Gig Review: Random Hand’s Comeback Show @ The Key Club, Leeds [17/04/2018]

Article by Sarah Williams. Photos by Tom Marshall.

I’ve just walked out of a Random Hand gig drenched in sweat and spilled beer, having shouted my lungs hoarse and skanked non-stop for 45 minutes. It’s like 2013 all over again.

I can’t recall dancing quite so enthusiastically for a ska band since Random Hand went on hiatus in 2015; there are very few bands who give 110% live the way that they do at every single show. Tonight’s gig at the Key Club in their local city of Leeds is a special return to form ahead of a handful of festival shows this summer.

Sounds of Swami (photo by Sarah)

Sounds Of Swami open the show, beginning with a slow, quiet section with just a bit of guitar and a gentle vocal. It’s the calm before the storm that they tear into late into the song. From Random Hand’s hometown of Keighley, they lend the show the vibe of a party with all your friends. They served as late replacements for Jesus & His Judgemental Father, but I’m much more excited to catch them, having gotten deeply into their album Furniture for Modern Living last year.

This humble four-piece are at the forefront of current post-hardcore, channelling bands like Sonic Youth and Fugazi in their own expert DIY fashion. They create a really gripping soundscape sweeps you up, lulls, then hurls you around the room. It’s lush, complex composition that’s interesting on record but utterly captivating live. There is an overwhelming amount of skill in this band that’s enabled them to be inventive and experimental with their sound. It also allows them to look totally at home with themselves on stage, producing a depth of sound that you wouldn’t think possible with just four instruments. They look like they’re having a great time doing it.

Mr Shiraz (Photo by Tom)

Mr Shiraz immediately encourage us to get sexy for a Random Hand on this special Tuesday night. Another band from the old school a Random Hand family (in fact, I’ve only ever seen them once without Random Hand), Mr Shiraz aren’t really active these days and, therefore, the audience are delighted to see them. They treat us to upbeat songs on a diverse range of 90s-era topics, including Friends and Patrick Swayze. They’re strongly alt rock with a dose of swagger and a groovy, nostalgic vibe, exactly what you’re looking for on a night like this. 21 Grams is is saved for the end of their set, hitting an appeal that’s somewhere between Vanilla Pod and Uncle Cracker.

The playlist between bands serves to get me rared up for some serious ska-punk revival: King Prawn, Capdown, Adequate 7, Mighty Mighty Bosstones. I still get excited to hear the siren from the start of Anthropology in the soundcheck; it instantly gets my bloodsugar up and ready for a dance. Before they even start it looks like it’s going to go mental, just like every show I’ve ever seen them play. There’s a lot of beardy dudes standing alone at the front looking antsy, patiently waiting to throw some elbows. I’m having flashbacks to getting crushed at their final show at the Camden Underworld and planning an exit strategy.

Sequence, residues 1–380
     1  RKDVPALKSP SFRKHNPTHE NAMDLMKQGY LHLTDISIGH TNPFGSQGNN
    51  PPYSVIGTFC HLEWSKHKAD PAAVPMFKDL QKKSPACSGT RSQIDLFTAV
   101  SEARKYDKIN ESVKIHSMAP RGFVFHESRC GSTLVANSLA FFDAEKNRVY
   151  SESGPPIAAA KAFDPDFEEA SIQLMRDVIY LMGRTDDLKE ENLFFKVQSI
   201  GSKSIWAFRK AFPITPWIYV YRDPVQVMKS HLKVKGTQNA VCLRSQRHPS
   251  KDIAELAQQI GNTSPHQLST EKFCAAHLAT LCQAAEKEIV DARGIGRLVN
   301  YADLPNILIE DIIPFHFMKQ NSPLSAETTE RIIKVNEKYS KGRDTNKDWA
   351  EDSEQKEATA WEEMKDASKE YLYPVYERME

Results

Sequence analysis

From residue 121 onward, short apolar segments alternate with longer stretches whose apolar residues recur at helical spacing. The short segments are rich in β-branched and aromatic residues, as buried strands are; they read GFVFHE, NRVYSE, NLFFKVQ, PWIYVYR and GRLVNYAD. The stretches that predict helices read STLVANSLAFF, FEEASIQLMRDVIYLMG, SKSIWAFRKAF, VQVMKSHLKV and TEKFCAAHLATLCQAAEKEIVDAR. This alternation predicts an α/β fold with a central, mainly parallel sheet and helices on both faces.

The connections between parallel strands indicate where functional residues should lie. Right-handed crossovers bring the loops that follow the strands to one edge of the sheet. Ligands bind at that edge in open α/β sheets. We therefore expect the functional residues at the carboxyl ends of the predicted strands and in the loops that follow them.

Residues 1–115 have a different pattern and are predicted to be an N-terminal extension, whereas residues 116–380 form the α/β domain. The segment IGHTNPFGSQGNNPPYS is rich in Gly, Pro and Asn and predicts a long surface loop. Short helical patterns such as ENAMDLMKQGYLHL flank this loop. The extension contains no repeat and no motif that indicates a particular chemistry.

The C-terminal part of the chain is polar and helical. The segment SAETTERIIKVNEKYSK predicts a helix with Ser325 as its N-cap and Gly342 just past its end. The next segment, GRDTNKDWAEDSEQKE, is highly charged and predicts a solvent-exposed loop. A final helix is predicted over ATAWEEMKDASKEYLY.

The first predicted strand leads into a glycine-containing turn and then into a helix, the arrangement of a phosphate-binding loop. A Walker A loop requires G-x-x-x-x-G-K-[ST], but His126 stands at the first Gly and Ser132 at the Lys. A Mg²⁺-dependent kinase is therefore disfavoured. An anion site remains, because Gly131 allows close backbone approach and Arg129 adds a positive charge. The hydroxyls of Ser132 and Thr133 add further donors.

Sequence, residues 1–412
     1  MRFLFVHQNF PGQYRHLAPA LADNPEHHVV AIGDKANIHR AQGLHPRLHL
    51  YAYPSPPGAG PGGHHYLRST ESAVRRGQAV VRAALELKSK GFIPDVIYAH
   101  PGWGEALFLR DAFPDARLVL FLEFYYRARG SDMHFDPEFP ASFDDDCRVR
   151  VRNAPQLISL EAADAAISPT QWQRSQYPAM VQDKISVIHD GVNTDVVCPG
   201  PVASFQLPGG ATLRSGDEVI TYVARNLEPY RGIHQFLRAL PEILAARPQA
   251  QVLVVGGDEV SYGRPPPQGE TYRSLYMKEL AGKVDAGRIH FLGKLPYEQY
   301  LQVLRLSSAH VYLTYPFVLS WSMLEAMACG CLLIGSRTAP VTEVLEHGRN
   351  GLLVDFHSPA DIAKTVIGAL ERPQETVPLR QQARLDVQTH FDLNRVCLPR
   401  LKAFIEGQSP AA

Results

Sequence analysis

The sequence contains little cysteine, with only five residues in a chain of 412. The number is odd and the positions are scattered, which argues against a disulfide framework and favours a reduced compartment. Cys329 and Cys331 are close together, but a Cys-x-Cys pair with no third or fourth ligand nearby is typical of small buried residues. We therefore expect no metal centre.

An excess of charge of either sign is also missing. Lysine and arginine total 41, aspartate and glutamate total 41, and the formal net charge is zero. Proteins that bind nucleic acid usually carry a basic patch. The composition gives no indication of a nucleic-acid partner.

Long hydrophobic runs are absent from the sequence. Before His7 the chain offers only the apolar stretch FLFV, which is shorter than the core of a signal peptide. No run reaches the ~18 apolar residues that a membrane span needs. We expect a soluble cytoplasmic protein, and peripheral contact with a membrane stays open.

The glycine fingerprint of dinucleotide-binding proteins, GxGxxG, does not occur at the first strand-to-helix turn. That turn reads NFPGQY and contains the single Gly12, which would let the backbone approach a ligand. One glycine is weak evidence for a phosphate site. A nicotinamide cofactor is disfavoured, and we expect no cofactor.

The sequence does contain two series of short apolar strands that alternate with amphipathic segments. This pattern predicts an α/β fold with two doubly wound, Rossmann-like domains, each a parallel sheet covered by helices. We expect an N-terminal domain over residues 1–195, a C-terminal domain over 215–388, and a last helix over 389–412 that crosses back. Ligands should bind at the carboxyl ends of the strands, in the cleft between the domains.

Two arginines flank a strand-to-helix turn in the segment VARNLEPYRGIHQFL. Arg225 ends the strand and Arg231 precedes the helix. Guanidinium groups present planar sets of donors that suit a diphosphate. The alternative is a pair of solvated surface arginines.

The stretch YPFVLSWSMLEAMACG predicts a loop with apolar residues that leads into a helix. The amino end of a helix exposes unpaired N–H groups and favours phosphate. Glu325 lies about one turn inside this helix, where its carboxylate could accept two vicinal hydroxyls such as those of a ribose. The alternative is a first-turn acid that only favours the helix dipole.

Random Hand don’t give off the impression of a band who’ve been off stage for over two years. They sound like the well-versed, constant tourers that they once were, although Robin jokes about needing a bit of extra time to catch his breath between tunes. They are as comfortable as ever on stage, slipping straight back into the easy presence of friends who’ve played together hundreds of times.

Their set is a ride through all four of their albums, but I’m probably most excited to hear the newer tunes getting their first proper outing. They released Hit Reset just as they stepped off-stage at their ‘final’ show at the Camden Underworld after playing what was effectively a greatest hits tour so, apart from a ‘secret’ set at Boomtown and one other gig, the new songs haven’t been played live.


Pack It Up gets a massive chant of, “Fuck this shit, we’re doing it our way,” that’s incredibly fun. It is almost as incendiary as the Scum Triumphant chorus, but nothing will ever beat that. Robin’s top is off by the time they’ve played three songs and the steam is visibly rising from the crowd. The sweat starts dripping from the piping above the stage during After The Alarm. On Not A Number you can hear the audience chanting the horn line even above the volume of the PA, then they jump straight into Play Some Ska and Devil’s Little Guinea Pig. It’s back to back hits all night. During the last song, Robin crowdsurfs to the merch table and back, dedicating the encore to anyone who he accidentally kicked in the head.

As always, Robin Leitch’s banter is one of the highlights of the set. He admits angrily that his choice many years ago to jump around, shout political nonsense and blow into a tooty brass thing was a stupid idea, however I’m grateful for his questionable life choices. A Yorkshire/You’re Shit chant ripples through the regionally patriotic crowd, to which Robin suggests we all fuck off the gig and go for a big roast dinner instead.

He makes a big point of thanking the fans for all their ongoing support over the years, in a sweeping, heartwarming statement. No one’s more grateful for return than me right now; they’ve not lost a hint of their energy.

It’s a real pleasure to see them back. Long live Random Hand.

Enjoyed this? Why not check out the interview we did with Random Hand too?

Article by Sarah Williams. Photos by Tom Marshall.

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